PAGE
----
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Sleep aggression, what's the best way to handle this & discourage snapping & biting

Discussion in 'Dog Behaviour and Training' started by Tracys0309, Jul 11, 2019.

  1. Tracys0309

    Tracys0309 New Member Registered

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    It seems clear from reading replies to my previous post of 22month old spaniel-lurcher snapping when resting that she has sleep aggression. She is now no longer growling but instantly snapping out to bite whoever is near if she's disturbed. I am trying to clap hands or whistle to awaken her properly before approaching her. She tends to come up on the sofa & "needs" to feel close to people before she relaxes. When it's time for me yo go to bed she growls & snaps when I tell her to go to her bed, then she sneaks onto mine in the middle of the night. She has bitten my friends hand today as he put his hand towards her whilst she was resting. I realise that this is "let sleeping dogs lie" and it could be a protection response, but I would be grateful for any advice please to avoid further injury & upset
     
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  3. Caro Perry

    Caro Perry Well-Known Member Registered

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    I'm no expert but I'd consider withdrawing sofa and human bed privileges. She needs to sleep in her own bed where she can be left alone.
     
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  4. JudyN

    JudyN Well-Known Member Registered

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    I agree with @Caro Perry Banning her from the bed and sofa isn't about 'punishing' her, or 'making her understand her place', it's simply management. My dog can only go on the sofa when no one else is on it, and can't come on the bed with us - after a few sad eyes, he accepted this remarkably quickly. You probably need to work on making sure she doesn't decide to take a nap right in a doorway, or on the floor right next to the sofa - so teaching things like 'go to your bed' or 'let's go to the kitchen and get you a treat' - if she does settle down somewhere awkward, try calling her from a distance and give her a treat when she moves, or ask her to do something ('Sit! Good girl!') before you move.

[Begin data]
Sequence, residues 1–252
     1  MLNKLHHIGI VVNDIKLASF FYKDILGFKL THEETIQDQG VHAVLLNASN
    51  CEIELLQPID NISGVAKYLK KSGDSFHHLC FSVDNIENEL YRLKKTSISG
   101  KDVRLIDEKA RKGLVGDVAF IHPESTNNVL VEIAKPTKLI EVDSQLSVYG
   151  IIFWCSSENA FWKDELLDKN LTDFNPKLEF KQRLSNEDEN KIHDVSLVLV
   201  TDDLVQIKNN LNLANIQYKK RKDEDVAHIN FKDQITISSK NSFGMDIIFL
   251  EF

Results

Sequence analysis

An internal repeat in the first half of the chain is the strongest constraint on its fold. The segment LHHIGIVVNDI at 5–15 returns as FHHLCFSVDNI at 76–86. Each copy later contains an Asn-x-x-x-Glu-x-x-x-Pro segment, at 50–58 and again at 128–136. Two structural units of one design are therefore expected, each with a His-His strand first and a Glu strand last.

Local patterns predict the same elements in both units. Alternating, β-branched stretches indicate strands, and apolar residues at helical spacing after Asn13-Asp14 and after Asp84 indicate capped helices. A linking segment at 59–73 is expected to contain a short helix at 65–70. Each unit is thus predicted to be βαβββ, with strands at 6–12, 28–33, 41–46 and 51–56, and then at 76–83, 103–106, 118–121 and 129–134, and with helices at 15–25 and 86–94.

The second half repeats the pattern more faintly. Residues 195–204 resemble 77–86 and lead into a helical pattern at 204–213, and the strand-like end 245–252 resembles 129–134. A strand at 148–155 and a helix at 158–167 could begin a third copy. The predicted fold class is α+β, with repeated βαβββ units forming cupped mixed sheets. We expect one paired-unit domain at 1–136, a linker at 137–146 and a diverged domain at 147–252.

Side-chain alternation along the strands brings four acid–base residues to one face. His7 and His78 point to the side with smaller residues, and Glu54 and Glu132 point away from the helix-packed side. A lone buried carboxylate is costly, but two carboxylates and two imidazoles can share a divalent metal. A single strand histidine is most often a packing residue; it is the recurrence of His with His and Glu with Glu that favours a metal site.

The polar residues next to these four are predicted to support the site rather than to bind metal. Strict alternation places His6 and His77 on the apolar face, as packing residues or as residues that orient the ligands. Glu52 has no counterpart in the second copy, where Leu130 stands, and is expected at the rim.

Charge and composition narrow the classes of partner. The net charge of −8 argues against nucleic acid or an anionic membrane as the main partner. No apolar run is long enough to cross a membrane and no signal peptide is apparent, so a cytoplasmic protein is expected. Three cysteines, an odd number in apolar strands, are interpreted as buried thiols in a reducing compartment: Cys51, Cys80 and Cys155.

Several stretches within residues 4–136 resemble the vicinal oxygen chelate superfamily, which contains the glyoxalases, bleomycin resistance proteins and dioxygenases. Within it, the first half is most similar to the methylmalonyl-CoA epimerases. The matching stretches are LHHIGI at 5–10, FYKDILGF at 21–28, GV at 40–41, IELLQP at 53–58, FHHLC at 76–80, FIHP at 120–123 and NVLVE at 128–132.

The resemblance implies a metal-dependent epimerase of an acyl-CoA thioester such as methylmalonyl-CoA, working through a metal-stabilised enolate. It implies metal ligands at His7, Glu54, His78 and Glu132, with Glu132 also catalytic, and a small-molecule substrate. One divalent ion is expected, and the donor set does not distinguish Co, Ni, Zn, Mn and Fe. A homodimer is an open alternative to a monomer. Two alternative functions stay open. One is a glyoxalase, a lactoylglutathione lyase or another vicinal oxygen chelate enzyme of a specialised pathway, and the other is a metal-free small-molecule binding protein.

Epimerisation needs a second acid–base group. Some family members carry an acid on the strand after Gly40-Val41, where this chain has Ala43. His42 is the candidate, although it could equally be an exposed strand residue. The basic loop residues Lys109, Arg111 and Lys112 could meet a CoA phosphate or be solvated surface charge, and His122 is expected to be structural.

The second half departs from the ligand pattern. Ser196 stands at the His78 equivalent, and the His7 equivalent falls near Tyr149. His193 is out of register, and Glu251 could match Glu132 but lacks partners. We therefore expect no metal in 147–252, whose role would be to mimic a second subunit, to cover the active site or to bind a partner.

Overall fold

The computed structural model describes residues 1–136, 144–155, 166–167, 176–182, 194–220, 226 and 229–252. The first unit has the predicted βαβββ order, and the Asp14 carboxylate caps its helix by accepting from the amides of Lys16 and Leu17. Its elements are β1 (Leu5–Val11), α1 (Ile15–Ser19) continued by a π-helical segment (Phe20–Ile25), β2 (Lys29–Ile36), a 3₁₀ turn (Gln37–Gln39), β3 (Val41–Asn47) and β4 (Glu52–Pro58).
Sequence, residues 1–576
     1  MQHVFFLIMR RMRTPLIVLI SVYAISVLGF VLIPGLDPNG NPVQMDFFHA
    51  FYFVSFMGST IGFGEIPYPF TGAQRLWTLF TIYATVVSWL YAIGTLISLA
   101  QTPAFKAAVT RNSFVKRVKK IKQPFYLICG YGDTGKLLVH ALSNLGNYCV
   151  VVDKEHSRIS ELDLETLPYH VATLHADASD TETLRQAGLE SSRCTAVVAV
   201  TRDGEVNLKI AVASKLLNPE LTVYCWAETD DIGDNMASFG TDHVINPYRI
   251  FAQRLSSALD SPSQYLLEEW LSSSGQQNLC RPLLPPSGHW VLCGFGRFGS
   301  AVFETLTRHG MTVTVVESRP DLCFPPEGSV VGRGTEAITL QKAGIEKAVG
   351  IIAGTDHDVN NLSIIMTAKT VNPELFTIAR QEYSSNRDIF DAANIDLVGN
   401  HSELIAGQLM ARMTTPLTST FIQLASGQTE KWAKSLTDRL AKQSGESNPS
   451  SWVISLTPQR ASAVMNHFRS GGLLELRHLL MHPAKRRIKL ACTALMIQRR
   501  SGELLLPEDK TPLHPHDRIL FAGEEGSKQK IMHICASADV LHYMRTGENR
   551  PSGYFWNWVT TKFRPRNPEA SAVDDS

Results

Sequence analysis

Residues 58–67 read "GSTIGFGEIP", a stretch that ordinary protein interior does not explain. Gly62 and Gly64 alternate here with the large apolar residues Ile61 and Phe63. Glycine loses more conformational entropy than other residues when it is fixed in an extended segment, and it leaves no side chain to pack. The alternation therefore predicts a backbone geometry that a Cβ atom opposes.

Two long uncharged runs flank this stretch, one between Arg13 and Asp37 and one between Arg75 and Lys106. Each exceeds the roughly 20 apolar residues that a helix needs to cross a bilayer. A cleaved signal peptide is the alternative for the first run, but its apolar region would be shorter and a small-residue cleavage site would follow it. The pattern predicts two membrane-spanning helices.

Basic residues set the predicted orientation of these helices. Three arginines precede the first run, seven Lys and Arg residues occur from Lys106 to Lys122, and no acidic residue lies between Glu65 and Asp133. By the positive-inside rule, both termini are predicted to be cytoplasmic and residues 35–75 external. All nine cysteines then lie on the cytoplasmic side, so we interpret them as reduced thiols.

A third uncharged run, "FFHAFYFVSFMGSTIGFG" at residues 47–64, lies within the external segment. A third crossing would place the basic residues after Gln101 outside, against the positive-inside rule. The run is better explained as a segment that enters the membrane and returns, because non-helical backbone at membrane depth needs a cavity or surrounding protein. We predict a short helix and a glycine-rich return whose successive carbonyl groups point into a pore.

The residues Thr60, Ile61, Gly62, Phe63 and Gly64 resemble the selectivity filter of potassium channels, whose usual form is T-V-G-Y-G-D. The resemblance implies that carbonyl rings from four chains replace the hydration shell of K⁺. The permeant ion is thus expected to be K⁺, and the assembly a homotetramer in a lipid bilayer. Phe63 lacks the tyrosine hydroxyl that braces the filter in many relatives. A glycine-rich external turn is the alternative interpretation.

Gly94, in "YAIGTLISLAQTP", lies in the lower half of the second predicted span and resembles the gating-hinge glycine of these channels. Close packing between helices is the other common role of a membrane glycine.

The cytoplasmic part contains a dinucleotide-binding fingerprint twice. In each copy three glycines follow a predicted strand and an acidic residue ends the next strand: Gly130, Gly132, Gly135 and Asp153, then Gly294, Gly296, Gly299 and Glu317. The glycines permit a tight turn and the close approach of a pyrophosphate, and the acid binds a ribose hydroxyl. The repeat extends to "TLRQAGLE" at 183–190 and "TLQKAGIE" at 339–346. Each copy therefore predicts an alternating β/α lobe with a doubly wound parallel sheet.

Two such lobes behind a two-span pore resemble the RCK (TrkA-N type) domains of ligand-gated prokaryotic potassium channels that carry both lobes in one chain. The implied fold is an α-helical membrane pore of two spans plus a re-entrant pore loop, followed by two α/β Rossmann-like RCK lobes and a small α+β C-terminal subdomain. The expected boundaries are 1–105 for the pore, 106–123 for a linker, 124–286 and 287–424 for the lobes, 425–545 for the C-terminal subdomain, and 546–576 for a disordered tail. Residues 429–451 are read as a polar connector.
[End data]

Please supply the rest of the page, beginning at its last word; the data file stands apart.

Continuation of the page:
A crate is worth considering too.

    Try to give her plenty of affection in other contexts to make up for the lack of sofa cuddles. And try to ensure her life in general is low in stress - general anxiety can make us all a bit more twitchy in general.

    Try never to correct her for snapping/biting. Once she's done it she's probably feeling confused and wondering what just happened.
     
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  5. Kara 1

    Kara 1 Well-Known Member Registered

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    Agree with all of the above ...we had to stop one of our jack russells getting on the sofa with us because he too would snap whilst resting or sleeping ...i set up a large crate with a soft bed inside with the door taken off and a blanket over the top and thats where he goes that way everyone is safe ...good news is that sid has grown out of this behaviour (he is now 4 )but i always wake my dogs before touching them ...usually hearing a treat packet wakes them instantly ;);)
     

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